Standing at the curb on a recent sunny afternoon in Davidson, Junious Ward repeatedly looked right, then left, in an effort to cross Main Street.
Despite a break in traffic, Ward went to the crosswalk, bypassing an opportunity to jaywalk for a more conventional path.
Ward's writings don't usually show that conformity; the Davidson poet's resume includes "Life Power Soul - A Compilation of Poetry and Spoken Word," his first book of poetry.
His free-flowing style does not follow straight lines. "I'm a believer that any kind of art form should be in the moment," Ward said. "Raw emotion."
Influenced by 1980s hip-hop lyrics and spoken free verse, Ward is discovering his "Life Power Soul."
"As any kind of artist, you have power, you have influence. Your work is usually about your life," Ward said. "The soul part is, if you can move people with what you write or paint or draw, that's power in the art itself.
"I love writing. A lot of it is enjoyment of doing it. Commercial success, if it comes, is great, but I like to write."
Ward, a 35-year-old husband and father of three, juggles his day job as project manager for Verizon with marketing his book, research on a black history sports book, songwriting, a sports blog and serving as host to a private poetry group.
His interests involve introducing younger generations to the "Life Power Soul" of the written word.
"Any kind of artistic expression will help kids in their lives: how to express themselves, how to appreciate art and culture of the world," he said. "That could be a big part of their education if it's taught right.
"One of the main goals I have right now is to influence more kids. I have a date in June to speak at Hofstra University to faculty and staff to figure out a way to get kids more involved."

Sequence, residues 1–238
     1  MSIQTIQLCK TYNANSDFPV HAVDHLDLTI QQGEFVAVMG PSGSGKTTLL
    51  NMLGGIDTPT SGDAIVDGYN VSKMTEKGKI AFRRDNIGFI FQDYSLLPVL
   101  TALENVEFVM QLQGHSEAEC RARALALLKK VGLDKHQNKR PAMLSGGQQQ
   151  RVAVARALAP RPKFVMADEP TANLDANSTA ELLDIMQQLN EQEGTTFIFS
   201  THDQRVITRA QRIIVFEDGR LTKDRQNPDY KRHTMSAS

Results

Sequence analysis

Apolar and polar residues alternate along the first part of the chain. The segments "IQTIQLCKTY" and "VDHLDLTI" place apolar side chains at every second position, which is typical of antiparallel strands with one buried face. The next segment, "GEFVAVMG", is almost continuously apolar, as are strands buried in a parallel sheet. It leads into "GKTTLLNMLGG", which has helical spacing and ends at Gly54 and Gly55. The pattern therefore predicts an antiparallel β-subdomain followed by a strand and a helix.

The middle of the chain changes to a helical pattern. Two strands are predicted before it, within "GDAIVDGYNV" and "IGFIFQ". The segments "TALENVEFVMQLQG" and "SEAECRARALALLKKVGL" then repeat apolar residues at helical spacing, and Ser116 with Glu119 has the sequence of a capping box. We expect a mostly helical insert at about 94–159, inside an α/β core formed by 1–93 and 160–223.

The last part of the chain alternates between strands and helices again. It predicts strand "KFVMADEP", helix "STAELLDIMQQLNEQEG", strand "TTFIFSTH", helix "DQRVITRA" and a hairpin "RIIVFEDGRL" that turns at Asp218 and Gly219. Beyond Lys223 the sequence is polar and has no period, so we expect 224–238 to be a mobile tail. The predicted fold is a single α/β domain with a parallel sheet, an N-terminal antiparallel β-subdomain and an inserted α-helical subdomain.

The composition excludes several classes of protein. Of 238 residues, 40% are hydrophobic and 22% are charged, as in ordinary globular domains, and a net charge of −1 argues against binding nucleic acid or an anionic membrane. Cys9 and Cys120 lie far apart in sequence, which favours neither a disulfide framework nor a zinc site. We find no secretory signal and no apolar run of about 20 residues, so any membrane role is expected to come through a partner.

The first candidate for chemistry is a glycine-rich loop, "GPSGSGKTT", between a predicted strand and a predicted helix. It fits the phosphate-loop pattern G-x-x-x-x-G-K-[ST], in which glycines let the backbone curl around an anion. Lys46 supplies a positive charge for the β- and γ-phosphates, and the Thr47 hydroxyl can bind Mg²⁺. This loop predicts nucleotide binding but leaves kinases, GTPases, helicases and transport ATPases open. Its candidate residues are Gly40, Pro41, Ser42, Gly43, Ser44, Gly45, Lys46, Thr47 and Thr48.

Good luck, Ward was told when setting up the talk at Hofstra: There's a problem with getting kids involved in poetry.
When he asked what the problem was, he was told: Poetry does not include a joystick.
Despite that mindset, Ward said he will still try to make a connection through more traditional forms of expression.
"One of the tools I'm using is music," Ward said. "I want to take a cross-section of hip-hop music, soul, country and show the lyrics of good songs and how they relate to poetry, get them to understand that poetry is all around them."
Ward was born in Rich Square, a small town in eastern North Carolina, he said. He and his family - wife Tracey; children Andrea, 16, Michael, 14, and Naticia, 12; and mother-in-law Charlotte - settled in Davidson four years ago.
"We have a full house; we work real hard to keep things together," Ward said.
When asked how he wrote while living in a full house, Ward said, "They kind of know me by now, so if I need some space, they give it to me."
Are there other poets in the family?
"Our youngest," Ward said, beaming with pride. He said Naticia wrote a couple poems recently that are very good.
For Ward, influencing a younger generation on the value of verse is his "Life Power Soul."